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-lO THE ZO:\II\:\. Sh e in t erpre ted h e r difficult part with under stand ing and executed it with ease a n d grace C o l o n e l J o h n Smith Ya v asour wa s e x celle ntl y s h o wn by \\'illis P ressell wh o played to p e rf ec ti o n th e part o f a f rie n d loyal t o th e de a d y e t with an e y e t o h is own a dvantage The fashio nabl e, ease-l o ving, self-ce nt e r ed fath e r i\lr. Far aday, was e na c t e d by J ohn Kull e r. I t see med so n atura l that h e s h a uld h a \"e his desi r es gr a tifi ed th a t w e could see at a gl a n ce h o w incon s i de rat e and selfis h it wa s t hat C elia s h o ul d keep him fr o m living at his club thro u g h th e failu re t o find him a suitable so n in law Funlovin g Hunsec k e r fitt ed in to th e part of prett)', th oughtless Phyllis d y ing to ann o un ce h e r e n g agement with B o bb y Tarv er, an d vex ed with C e lia f o r see ming t o s tand in h e r wa)'. ."1s a young Englis h s w ell o f limite d m entalit)' and unlimite d selfis hn ess Alb e r t Thayer score d a gr eat s u ccess The tw o in the s ublim e un co nsc i o u s n ess o f utte r selfishness b o ught o ut much lau ghte r. Carla Smith pla yed a goo d -\unt Ida, th e only o ne wh o r e ally saw C e lia and w h o m Celia had to take into th e sec r e t o f h e r unbearable p o s iti on. L o yall)' Aunt Ida k ept th e sec r e t o f the shadowy C o l o nel Smith, sent th e t e l egram t o Th e Time s whi c h made him "die of wounds at Berbera" and wit h equal loyalty and ardor, mourned hi s d eath in a rea l istic attack of hysterics. The parts of the two s uccessfully married sisters, Madge and Evelyn, we r e tak e n by F rances Thornton and Clar a Wood, resp ectivel y and most creditabl y done. The tender-hearted, bluff o l d sea dog, Admiral Grice was g i ven splendidly by Muro G o lde n and the two young men abollt town, glad to s ee and wO'5hip Celia w h en they really s aw h er, we;-e interpreted by Robert Getman and Willi am Christian. David Neville made a splendid but:e r, and played h ,s part wit h such d ignity anj as wou l d make him a treasure in an y famil y The play of 1920 h as be e n a succe ss. All th e people gr e w into th eir part s a n d gave them with a n unde r s tanding, g r ace, and naturalness which refle cted muc h credit upon t h e mselves a n d their class advi s er, i'1cKeivey, upon w hom also has d e v e l oped t h e task of their training. Only th ose c o n c ern e d in t h e preparation and g iving of a high school p la y have any conception of the hard w ork and fun connected with it. H o nor to t h e Clas s of 1920 and their adviser!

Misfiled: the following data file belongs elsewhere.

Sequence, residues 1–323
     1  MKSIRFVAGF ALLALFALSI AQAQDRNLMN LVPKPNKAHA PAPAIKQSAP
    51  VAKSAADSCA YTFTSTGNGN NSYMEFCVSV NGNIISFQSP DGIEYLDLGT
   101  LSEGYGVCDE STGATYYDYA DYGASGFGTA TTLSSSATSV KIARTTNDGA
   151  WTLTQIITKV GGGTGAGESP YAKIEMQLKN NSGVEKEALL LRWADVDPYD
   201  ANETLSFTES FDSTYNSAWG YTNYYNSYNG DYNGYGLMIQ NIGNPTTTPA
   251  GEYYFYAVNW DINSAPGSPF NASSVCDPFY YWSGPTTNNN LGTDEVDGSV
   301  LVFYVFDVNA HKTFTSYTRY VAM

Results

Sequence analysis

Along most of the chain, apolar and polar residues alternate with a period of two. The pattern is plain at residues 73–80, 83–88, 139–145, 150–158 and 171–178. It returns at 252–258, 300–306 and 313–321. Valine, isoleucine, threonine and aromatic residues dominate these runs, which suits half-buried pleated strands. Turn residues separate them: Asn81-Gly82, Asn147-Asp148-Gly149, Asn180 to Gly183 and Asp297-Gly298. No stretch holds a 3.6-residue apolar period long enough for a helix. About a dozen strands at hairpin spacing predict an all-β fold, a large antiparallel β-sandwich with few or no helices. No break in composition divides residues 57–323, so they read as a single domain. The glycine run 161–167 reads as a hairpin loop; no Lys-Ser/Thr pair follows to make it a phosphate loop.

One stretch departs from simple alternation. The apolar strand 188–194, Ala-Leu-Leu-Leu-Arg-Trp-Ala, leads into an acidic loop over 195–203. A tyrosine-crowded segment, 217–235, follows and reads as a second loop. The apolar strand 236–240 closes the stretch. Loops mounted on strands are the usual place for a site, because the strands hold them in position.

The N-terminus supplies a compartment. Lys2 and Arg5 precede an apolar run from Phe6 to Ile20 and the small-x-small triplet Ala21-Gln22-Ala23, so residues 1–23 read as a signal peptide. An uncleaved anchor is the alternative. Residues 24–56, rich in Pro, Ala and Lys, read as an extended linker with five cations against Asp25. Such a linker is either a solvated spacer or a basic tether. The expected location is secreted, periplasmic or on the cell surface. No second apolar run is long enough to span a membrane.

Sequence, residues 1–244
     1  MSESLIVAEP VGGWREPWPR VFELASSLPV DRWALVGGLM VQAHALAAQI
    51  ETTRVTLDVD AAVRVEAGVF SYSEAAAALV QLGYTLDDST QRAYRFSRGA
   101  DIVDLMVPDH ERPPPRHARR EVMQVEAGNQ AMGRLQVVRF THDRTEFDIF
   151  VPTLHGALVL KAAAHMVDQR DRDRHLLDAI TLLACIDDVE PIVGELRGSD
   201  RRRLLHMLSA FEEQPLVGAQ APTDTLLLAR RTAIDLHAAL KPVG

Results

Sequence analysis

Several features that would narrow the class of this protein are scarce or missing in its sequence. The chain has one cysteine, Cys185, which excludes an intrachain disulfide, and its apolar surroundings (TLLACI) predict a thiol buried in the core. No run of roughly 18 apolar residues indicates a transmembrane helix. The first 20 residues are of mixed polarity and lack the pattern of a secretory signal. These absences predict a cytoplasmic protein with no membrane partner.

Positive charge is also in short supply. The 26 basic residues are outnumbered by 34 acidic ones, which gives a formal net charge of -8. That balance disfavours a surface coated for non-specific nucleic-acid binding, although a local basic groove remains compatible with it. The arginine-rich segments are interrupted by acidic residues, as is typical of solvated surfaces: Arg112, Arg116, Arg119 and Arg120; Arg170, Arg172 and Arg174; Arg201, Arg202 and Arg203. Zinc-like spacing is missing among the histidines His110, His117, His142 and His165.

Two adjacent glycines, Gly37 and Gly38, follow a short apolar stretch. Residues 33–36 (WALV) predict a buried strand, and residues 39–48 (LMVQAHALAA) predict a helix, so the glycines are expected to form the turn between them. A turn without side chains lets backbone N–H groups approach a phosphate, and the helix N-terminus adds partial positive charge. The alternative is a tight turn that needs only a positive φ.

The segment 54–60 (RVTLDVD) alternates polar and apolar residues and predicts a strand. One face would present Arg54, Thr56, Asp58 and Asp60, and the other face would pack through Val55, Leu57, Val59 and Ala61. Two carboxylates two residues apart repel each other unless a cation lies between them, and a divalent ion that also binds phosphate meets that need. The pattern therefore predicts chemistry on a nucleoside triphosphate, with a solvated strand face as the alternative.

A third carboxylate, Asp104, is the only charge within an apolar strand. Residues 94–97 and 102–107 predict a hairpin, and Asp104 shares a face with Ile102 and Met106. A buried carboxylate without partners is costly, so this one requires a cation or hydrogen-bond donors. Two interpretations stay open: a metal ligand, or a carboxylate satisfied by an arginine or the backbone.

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CO LON. N o % :; Z

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41 THE ZO:\"IA:\" Slu ; e AI/tn, 20 THE TR IP TO TH E PEARL ISLANDS Than k sgivi n g day will l o n g b e r e m embe r ed b y t h e Class o f 2 0 They no t only e njoyed t h e u s u a l activitie s o f t h a t day bu t al so a d e ligh t f u l t rip t o th e P e arl I s l a n d s The part y left B alboa a t 2.30 a.m. Andab ou tfi,'eh o u r slate r t h e y lande d and wer e pre p aring a h earty breakfa s t Durin g the d ay many e njoyed t h e mselves swimming, boa ting, and e xp l o rin g t h e i s lan d S e v e r a l o f th e part)' we r e successful i n pu r c hasing so m e good pearls fro m th e natives o f t h e vill age. A r egular p i cnic l un c h was p r e pare d with t h e a ssist a n c e o f mith and i\liss i\l c K e l v ey, who proved to b e e x celle n t coo k s : "lte r a l ig h t supper th e r emainde r o f t h e prov i s i o n s w e re divided am o ng t h e n a tives. I t wa s th e n time to s t a rt f o r h o m e and oon t h e p art y b a d e ad i e u to t h e i s l a n d . -\t 10.30 th e b oat doc k e d at B alb o a, and, a l thou g h tired, e v e ryon e wa s h e ard to s a y t h a t th e trip w as o n e t hat w o u l d alway s b e r e m e m be r ed. THE SENI O R HALLOWE' E N PARTY. The Cl ass o f '2 0 h e ld a delightful Hallowe' e n party a t th e h o m e o f Carla Smith. The h o u s e w as t as t e full y decorated f o r th e oc ca s i o n with witc h es g o b Ii 11 s pumpkins, an d o th e r r e ali stic decorati o n s f o r s u c h a party. Those in costume b o ked t h eir pr e tti est a n d it was mu c h fun trying to g u ess who th ey w e r e The regula r Hall o w e'e n games s u c h a s du c kin g f o r apples and pieeatin g con tests w e r e pla yed. Aft e r a dainty lun c h eo n the m erry m a k e r s g a th e r e d a r o und a wit c h fir e and her e to l d many wond e rful gh os t tal es an d sang old so ng s The n H o me Sw eet H o me" w as pla yed an d e v e ry o ne l e ft s a ying that th e eve n ing wa s a m os t ple a sant o n e. THE F"A.C LTY I'ARTY. On St. Valentin e s e v e ning th e C l ass of'20ente rtain e d th e f ac u l t y at t h e h o m e o f M a ria H u n s e c k er. iVluc h c r edit mu s t b e g iv e n t o th ose w h o h e lp e d d ecorate th e h o m e so pre ttil y A ver y p leasant e v e nin g wa s s p ent and man y inte r -